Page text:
The NSA is a big place and getting bigger. The agency is considered to have the world's greatest concentration of supercomputers, operated by an army of computer scientists, mathematicians and linguists. Since its formation just after World War II, the NSA has shared as little as possible with the public.
James Bamford has written four investigative books about the NSA. When he wrote the first one in the 1980s, even "the name of the NSA was considered secret," he said. "They were enormously paranoid. They threatened me twice with prosecution for writing my book."
"They've moved gradually over the years to be more open. But I think each time it's been forced on them through scandals and through Congressional hearings and oversight and so forth," Bamford said.
Revelations in 2013 by then-NSA contractor Edward Snowden unleashed a powerful backlash against the agency. He raised a host of privacy issues, some of them still a source of fierce debate.
The 2015 USA Freedom Act, the law that allows the NSA to obtain U.S. phone records of terrorism suspects, expires at the end of the year. A battle is already brewing over whether it should be extended.
Neuberger said these concerns aren't lost on the NSA.
"We are a surveillance agency in a democracy," she said. "The risk of losing public understanding of what we're doing, public trust and who we are as an organization is something that has to be forefront in our mind."
When the NSA detects bad actors abroad, that information increasingly needs to be shared with the public, with U.S. companies and others being targeted.
Nakasone says he sent cyber warriors to Europe last fall to protect against Russian interference in the U.S. mid-term elections.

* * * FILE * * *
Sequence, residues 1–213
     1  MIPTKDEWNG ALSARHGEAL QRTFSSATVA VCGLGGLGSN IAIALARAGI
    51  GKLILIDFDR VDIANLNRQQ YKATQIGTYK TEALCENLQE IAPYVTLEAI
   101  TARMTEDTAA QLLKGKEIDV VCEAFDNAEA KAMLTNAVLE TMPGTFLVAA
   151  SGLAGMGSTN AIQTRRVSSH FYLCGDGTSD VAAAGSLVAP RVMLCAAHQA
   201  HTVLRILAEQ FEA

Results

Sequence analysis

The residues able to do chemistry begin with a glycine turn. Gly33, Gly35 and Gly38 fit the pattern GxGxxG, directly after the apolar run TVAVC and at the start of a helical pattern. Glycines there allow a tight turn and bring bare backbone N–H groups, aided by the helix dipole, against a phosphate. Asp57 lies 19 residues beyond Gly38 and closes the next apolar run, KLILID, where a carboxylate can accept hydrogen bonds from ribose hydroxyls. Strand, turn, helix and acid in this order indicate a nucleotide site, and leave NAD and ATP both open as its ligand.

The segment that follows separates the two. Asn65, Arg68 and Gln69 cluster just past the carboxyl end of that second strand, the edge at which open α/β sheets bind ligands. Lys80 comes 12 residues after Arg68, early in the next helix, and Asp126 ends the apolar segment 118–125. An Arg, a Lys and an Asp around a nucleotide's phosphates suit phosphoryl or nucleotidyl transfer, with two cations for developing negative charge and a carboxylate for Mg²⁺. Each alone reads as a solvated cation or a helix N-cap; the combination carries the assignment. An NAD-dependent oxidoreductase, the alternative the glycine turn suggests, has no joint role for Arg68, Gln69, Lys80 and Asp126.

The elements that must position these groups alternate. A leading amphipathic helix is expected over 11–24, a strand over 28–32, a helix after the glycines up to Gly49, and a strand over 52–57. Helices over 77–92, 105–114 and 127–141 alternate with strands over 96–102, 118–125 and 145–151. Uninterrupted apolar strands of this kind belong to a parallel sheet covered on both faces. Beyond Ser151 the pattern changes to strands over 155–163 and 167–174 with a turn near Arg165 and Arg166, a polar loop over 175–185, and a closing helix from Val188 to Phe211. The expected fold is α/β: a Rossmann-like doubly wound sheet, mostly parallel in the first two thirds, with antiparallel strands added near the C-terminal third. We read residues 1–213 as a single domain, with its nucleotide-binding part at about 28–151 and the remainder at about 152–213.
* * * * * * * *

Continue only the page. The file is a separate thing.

The U.S. reportedly unleashed a cyber attack on Iran after it shot down a U.S. drone in June.
This all points to the growing role of cyber in national security, and the NSA says it's built a pipeline to attract top talent.
Cynthia Miller, the head of human resources, said the agency partners with more than 200 universities, funding academic programs and research.
"So we of course recruit a lot of people from those schools," said Miller.
The NSA doesn't divulge the size of its workforce, though it's believed to be around 40,000. The NSA does not specify its budget, either, though it is routinely described as the country's largest spy agency. The overall U.S. intelligence budget is around $60 billion annually.
Miller does volunteer that the agency has hired around 2,000 new staffers this year — many just out of college or graduate school — making this one of the largest intakes ever.
The bigger challenge is retaining talent.
"I'm not gonna be able to pay you what Google, Amazon or any of those type of companies can pay you and I don't even attempt to have that discussion," said Miller. "What you do get here that you can't get anywhere else is the contribution that you make to the United States of America. That's huge, thank goodness."
Josh, from the cyber operations team, left the NSA several years ago to join a startup. But he came back, even though it meant a pay cut.
"There are those nuggets that you get to see here that nobody else gets to see, and there's an excitement factor to that," he said.
Josh added that the Islamic State attacks in Paris, which killed 130 people in 2015, prompted his decision to return. He came back to an operation that's crippled ISIS online, just as it was beaten back on the battlefield.
Greg Myre is a national security correspondent. Follow him @gregmyre1.